American Ballet Theatre's version of Jose Limon's modern dance classic "The Moor's Pavane" may be an impure, balleticized one, but it's still an effective piece of theater. Last night at the Opera House, Alexander Godunov danced the role of the Moore for the first time locally.
His Othello was a gentle brute, a warrior king naive in love and almost unaware of his own physical strength. He resisted his Friend's (Kevin McKenzie's) evil gosspip until the "smoking gun" of Desdemona's supposed infidelity was produced in the form of a hankerchief, then slashed the stage with powerful strides and committed the vicious murder as if he hardly realized what he was doing.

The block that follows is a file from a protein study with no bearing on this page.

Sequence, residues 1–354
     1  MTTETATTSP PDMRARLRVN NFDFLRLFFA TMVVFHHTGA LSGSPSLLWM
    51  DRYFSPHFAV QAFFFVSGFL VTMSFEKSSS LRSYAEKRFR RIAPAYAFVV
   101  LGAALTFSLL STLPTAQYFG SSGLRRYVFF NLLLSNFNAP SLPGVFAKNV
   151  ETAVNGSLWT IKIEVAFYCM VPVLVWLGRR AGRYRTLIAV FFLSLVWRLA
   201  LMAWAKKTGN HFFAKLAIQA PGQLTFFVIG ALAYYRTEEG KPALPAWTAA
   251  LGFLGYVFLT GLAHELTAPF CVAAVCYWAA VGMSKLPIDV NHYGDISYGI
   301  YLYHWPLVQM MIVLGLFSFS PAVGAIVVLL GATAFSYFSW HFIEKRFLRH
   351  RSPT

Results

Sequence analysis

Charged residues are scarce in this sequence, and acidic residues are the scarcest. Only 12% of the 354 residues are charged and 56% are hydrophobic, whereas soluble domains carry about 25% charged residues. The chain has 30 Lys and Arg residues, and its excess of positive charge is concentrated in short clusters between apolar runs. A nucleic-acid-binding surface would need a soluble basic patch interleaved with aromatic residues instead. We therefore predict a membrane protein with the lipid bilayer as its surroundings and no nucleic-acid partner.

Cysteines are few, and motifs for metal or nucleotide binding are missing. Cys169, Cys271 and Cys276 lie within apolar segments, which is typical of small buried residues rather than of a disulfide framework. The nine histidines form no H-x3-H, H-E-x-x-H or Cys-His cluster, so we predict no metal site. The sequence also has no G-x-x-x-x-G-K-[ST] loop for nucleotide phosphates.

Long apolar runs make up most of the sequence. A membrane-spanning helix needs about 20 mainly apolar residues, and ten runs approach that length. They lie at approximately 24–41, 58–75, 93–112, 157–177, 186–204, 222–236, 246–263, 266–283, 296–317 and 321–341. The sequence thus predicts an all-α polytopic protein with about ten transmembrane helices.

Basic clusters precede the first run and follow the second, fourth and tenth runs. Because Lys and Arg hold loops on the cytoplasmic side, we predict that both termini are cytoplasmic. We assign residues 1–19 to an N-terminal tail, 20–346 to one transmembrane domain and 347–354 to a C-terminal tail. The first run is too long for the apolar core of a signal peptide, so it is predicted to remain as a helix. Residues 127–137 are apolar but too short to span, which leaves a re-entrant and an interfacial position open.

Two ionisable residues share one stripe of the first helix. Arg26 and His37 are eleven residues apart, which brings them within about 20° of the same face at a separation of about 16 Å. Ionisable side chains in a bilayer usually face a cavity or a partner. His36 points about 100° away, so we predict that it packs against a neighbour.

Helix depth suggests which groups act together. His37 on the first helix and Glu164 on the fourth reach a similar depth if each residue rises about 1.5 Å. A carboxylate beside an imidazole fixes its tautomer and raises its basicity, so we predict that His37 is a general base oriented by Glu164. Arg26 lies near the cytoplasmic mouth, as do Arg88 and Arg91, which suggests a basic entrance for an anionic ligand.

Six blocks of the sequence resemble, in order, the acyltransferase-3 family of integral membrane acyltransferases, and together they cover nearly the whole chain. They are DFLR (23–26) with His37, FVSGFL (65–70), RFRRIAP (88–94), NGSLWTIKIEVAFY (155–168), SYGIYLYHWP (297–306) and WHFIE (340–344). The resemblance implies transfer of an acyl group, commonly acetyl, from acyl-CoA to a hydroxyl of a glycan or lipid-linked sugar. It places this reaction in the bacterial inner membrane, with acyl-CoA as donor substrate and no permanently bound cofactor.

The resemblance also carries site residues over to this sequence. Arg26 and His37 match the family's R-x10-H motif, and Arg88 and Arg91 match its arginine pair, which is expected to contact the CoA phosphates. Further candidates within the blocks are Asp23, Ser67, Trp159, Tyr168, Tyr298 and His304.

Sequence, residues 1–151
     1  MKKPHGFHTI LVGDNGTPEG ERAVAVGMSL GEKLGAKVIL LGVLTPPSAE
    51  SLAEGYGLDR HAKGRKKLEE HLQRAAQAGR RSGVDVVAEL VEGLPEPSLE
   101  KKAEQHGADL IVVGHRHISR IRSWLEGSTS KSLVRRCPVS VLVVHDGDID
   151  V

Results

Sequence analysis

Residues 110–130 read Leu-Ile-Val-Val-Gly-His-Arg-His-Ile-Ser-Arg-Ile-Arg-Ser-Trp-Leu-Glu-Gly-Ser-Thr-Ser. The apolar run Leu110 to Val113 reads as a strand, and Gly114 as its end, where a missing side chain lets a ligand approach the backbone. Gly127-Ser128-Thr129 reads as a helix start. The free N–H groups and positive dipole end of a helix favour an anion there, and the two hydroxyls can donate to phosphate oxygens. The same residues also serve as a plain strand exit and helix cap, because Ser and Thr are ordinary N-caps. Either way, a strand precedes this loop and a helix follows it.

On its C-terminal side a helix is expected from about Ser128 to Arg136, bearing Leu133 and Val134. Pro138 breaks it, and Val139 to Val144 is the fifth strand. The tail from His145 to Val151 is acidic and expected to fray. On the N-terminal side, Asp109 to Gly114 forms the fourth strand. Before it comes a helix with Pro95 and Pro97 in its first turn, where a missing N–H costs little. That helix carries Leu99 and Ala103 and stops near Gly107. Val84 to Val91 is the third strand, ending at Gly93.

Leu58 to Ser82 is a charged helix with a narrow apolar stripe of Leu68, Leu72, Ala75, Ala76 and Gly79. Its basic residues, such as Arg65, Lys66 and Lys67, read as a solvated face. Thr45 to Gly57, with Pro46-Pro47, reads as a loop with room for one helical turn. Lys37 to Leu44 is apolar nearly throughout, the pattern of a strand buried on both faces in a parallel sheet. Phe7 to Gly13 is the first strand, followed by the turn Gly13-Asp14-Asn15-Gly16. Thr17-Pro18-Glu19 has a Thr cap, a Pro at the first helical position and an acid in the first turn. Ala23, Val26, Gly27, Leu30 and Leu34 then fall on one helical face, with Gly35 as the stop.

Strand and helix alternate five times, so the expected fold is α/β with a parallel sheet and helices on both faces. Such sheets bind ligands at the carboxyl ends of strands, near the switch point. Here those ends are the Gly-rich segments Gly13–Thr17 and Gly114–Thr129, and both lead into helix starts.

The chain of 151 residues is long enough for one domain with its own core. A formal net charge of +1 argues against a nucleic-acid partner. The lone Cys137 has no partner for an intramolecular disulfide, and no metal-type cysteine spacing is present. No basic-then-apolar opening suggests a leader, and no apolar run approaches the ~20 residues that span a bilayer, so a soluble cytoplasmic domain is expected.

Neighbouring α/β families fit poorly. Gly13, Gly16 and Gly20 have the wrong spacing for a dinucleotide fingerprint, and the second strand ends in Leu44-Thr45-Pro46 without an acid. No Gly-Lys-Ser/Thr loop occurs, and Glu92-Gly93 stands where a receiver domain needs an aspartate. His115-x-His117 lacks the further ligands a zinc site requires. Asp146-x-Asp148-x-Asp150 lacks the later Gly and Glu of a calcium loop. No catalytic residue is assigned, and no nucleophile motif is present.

McKenzie was determinedly vengeful and totally unrepentent; Martime Van Hamel (as the Friend's Wife) a seductively playful pawn in the two men's power struggle; and Cynthia Gregory's sweet, bewildered Wife was in sharp contrast to her icily evil performance earlier in the evening as the Siren in Balanchine's "Prodigal Son."
The excessively long intermission which preceded Baryshnikov's staging of divertissements from Marius Petipa's "Raymonda" made its actual performance anticlimactic. Magali Messac, making her company debut in the title role, has the warmth and graciousness, if not the weight, of an ideal Raymonda. Both the women's and men's Pas de Quatre were plagued by bad timing, but the corps and soloists in the two character dances performed with the requisite spirit.